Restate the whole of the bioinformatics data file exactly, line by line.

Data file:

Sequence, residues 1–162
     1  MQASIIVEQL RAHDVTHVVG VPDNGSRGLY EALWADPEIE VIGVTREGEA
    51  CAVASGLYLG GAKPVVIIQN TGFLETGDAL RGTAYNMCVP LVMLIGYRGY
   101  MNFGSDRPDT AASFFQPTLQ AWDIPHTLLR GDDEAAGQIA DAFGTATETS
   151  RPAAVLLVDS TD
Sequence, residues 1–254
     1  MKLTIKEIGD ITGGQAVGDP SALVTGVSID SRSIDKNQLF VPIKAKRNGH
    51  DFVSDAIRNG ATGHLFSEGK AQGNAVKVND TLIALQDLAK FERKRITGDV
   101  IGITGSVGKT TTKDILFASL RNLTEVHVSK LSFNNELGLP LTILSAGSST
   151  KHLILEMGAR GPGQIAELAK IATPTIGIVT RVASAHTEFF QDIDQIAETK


Sequence, residues 1–162
     1  MQASIIVEQL RAHDVTHVVG VPDNGSRGLY EALWADPEIE VIGVTREGEA
    51  CAVASGLYLG GAKPVVIIQN TGFLETGDAL RGTAYNMCVP LVMLIGYRGY
   101  MNFGSDRPDT AASFFQPTLQ AWDIPHTLLR GDDEAAGQIA DAFGTATETS
   151  RPAAVLLVDS TD
Sequence, residues 1–254
     1  MKLTIKEIGD ITGGQAVGDP SALVTGVSID SRSIDKNQLF VPIKAKRNGH
    51  DFVSDAIRNG ATGHLFSEGK AQGNAVKVND TLIALQDLAK FERKRITGDV
   101  IGITGSVGKT TTKDILFASL RNLTEVHVSK LSFNNELGLP LTILSAGSST
   151  KHLILEMGAR GPGQIAELAK IATPTIGIVT RVASAHTEFF QDIDQIAETK